Ohio State is one of the healthiest programmes in college football by any realistic, objective standard. Since 2012, the Buckeyes have only lost 14 games, one fewer than Alabama in the same time period. They are one of only six programmes to have won a national championship in the last decade. And, with the exception of Alabama and Clemson, they will compete in the College Football Playoff for the fifth time on Saturday.
Surprisingly, narratives often matter more than results in this sport. And the narrative surrounding Ohio State hasn’t been kind, especially in the last month.
The Buckeyes are aware of this. They can’t help but know it because, for the second year in a row, they were blown out by Michigan on Nov. 26, a loss so crushing that they spent the next week convinced they were doomed to another listless month of preparation for a bowl they didn’t want to play in.
“We went to the Rose Bowl last year and won the Rose Bowl,” receiver Marvin Harrison, Jr. said. “That was excellent, but it was a failure.”
If the standard for Ohio State is playoff-or-bust, then the opportunity to face No. 1 Georgia here means the season has been a success. As difficult as the task ahead may appear, there are 128 Bowl Subdivision programmes that would gladly take Ohio State’s place.
However, it is not quite that simple. Though the Buckeyes will be forever grateful for this opportunity, for a second chance that wasn’t guaranteed, what happens on New Year’s Eve feels like a watershed moment — both for the current iteration of Ohio State football and, more importantly, for the narrative and mood that surrounds it.
These are, of course, much more difficult to define than wins and losses. But you’ll recognise it when you see it. And at Ohio State, the dividing line isn’t necessarily whether you win a national championship, but whether you compete at a level where you can.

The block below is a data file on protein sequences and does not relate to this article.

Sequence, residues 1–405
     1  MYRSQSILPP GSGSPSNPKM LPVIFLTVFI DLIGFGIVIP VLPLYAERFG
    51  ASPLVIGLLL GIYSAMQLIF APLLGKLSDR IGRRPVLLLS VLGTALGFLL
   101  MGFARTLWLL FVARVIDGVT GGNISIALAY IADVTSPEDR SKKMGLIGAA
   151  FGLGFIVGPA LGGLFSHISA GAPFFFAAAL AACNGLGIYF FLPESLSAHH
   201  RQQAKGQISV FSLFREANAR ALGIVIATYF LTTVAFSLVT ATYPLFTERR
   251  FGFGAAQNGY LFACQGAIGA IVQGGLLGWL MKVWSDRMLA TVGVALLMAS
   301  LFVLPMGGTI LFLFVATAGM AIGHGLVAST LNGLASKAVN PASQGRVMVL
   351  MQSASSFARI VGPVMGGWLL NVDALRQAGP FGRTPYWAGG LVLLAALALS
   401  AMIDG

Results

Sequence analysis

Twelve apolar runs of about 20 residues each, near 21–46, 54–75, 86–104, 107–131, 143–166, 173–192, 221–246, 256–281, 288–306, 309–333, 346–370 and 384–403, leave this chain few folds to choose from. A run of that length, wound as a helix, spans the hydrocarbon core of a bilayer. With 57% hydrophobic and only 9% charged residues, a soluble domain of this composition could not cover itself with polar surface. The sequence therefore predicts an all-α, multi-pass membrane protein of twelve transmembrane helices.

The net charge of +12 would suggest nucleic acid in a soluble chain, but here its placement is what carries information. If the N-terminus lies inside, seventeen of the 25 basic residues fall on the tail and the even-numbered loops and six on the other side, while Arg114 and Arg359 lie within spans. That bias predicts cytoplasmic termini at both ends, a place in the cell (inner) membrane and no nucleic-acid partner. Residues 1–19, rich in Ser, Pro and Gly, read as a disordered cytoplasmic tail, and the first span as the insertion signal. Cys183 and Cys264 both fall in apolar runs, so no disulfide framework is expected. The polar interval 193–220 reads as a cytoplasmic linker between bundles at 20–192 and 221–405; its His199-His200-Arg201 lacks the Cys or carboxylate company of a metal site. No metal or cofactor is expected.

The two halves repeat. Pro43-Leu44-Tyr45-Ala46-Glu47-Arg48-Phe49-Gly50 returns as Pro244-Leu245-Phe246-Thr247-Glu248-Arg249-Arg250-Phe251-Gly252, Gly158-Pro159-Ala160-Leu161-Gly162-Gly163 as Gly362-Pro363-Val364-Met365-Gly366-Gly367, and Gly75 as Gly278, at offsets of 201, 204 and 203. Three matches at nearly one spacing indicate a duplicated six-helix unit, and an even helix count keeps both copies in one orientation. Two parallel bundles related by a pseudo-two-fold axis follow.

Anyone who follows college football closely would never have guessed that Ohio State is on the wrong side of that line until the Michigan loss in 2021. But, after a second consecutive Wolverine thrashing, it’s unclear whether the Buckeyes are built to compete at the highest level of the game, or whether they’ve devolved into a soft, finesse programme whose culture caves in when physically challenged by similarly talented teams.
“I think we’ve had a really good month overall,” Ohio State coach Ryan Day said. “I believe there has been an emphasis on extremely high levels of execution. At practise, I believe there has been an emphasis on overall physicality. As we finished our work in Columbus, you could feel the energy as (we) drove down here.”
Of course, Day will say that, but fans aren’t interested in empty promises anymore. Day was promoted in 2019 to carry on the work of Urban Meyer, who had mostly succeeded over the previous seven seasons.
Meyer had gotten the Buckeyes to the point where they weren’t just dominating the Big Ten, but transcending it, despite a few on-field hiccups and the controversy that eventually forced him out. Ohio State may have played a Big Ten schedule, but it had the aura of an SEC powerhouse capable of competing with the Alabamas and Clemsons every year.